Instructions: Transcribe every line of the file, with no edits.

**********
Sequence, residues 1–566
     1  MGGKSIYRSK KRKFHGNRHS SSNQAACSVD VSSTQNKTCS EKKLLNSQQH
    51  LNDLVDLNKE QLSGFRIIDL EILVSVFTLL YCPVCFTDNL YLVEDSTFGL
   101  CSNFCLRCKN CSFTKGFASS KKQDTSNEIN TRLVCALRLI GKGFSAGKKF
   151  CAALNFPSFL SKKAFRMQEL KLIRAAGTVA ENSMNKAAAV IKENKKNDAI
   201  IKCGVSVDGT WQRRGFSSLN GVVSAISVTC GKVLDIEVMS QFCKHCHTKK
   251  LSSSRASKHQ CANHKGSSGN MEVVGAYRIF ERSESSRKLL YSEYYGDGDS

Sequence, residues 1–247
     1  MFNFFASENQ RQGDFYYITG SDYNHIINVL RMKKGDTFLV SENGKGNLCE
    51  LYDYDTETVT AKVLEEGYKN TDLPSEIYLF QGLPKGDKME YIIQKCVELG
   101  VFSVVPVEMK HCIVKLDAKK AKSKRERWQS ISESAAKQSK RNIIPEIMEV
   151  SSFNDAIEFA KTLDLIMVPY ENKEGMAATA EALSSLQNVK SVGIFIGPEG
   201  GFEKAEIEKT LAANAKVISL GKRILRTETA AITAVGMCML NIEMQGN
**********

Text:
Sequence, residues 1–566
     1  MGGKSIYRSK KRKFHGNRHS SSNQAACSVD VSSTQNKTCS EKKLLNSQQH
    51  LNDLVDLNKE QLSGFRIIDL EILVSVFTLL YCPVCFTDNL YLVEDSTFGL
   101  CSNFCLRCKN CSFTKGFASS KKQDTSNEIN TRLVCALRLI GKGFSAGKKF
   151  CAALNFPSFL SKKAFRMQEL KLIRAAGTVA ENSMNKAAAV IKENKKNDAI
   201  IKCGVSVDGT WQRRGFSSLN GVVSAISVTC GKVLDIEVMS QFCKHCHTKK
   251  LSSSRASKHQ CANHKGSSGN MEVVGAYRIF ERSESSRKLL YSEYYGDGDS

Sequence, residues 1–247
     1  MFNFFASENQ RQGDFYYITG SDYNHIINVL RMKKGDTFLV SENGKGNLCE
    51  LYDYDTETVT AKVLEEGYKN TDLPSEIYLF QGLPKGDKME YIIQKCVELG
   101  VFSVVPVEMK HCIVKLDAKK AKSKRERWQS ISESAAKQSK RNIIPEIMEV
   151  SSFNDAIEFA KTLDLIMVPY ENKEGMAATA EALSSLQNVK SVGIFIGPEG
   201  GFEKAEIEKT LAANAKVISL GKRILRTETA AITAVGMCML NIEMQGN